Many females receive the human papillomavirus (HPV) vaccine after the recommended ages, often after sexual activity has started, according to a research letter published in JAMA Network Open. Didem Egemen, PhD, and colleagues estimated the proportion of females who were vaccinated before sexual debut and examined the association of delayed vaccination with the prevalence of HPV 16/18. The prevalence of cervical HPV-16/18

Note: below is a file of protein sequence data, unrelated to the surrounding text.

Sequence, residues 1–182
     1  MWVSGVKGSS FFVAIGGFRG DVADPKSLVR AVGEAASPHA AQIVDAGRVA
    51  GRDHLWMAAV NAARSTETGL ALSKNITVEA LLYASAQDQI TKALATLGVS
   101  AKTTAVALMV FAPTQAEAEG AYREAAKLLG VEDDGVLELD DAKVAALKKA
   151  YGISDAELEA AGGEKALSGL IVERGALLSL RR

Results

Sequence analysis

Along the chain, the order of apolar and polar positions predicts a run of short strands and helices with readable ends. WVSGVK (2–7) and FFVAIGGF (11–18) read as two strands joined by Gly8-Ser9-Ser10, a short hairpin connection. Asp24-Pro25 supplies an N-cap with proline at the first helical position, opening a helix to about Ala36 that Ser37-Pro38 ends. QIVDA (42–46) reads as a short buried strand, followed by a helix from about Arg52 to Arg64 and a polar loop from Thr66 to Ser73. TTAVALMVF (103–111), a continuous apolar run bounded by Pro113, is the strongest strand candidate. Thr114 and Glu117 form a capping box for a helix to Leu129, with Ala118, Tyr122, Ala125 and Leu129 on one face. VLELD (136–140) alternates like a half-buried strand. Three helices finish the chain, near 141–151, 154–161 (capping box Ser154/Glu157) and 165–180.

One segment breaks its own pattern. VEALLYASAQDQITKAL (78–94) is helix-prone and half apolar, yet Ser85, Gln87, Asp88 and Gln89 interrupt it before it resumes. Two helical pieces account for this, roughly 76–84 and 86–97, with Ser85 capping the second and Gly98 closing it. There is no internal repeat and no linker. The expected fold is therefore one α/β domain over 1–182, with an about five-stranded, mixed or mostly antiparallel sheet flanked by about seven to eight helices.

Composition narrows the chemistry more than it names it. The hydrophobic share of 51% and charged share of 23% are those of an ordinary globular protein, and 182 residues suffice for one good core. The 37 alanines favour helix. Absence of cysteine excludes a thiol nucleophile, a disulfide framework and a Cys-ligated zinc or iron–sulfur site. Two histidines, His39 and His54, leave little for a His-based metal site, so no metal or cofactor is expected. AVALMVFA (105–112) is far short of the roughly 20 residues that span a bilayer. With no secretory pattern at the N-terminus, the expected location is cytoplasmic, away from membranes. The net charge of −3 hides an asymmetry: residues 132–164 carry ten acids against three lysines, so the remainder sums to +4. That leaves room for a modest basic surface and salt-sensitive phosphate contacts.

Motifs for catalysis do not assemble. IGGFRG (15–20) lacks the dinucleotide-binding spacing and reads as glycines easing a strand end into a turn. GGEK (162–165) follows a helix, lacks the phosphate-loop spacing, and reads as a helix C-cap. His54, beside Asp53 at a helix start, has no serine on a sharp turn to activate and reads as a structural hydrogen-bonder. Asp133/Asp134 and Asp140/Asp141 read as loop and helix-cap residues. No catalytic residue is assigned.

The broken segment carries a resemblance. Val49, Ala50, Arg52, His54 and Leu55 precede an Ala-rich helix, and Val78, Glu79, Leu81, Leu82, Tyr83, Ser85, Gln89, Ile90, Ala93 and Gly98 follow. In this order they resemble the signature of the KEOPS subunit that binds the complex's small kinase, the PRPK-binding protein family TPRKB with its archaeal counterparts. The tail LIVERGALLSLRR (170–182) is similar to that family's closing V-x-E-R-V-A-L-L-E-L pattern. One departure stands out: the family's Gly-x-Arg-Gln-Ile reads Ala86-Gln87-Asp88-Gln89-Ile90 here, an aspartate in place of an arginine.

decreased from 6% in the unvaccinated group to 3% in the group vaccinated after the start of sexual activity and less than 1% in the group vaccinated before the start of sexual activity among 4,727 females ever eligible for vaccination. The prevalence of HPV-16/18 was 89% lower in the preadult vaccination group but was not significantly lower (41%) in the post-debut group versus the vaccinated group. Vaccination before sexual activity was associated with an 82% reduction in HPV-16/18 prevalence compared with post-debut vaccination. Only 21% of vaccinated, routine vaccination-eligible females reported receiving their first dose by age 12, per recommendations of the CDC Advisory Committee on Immunization Practices (mean age at first dose, 14.5).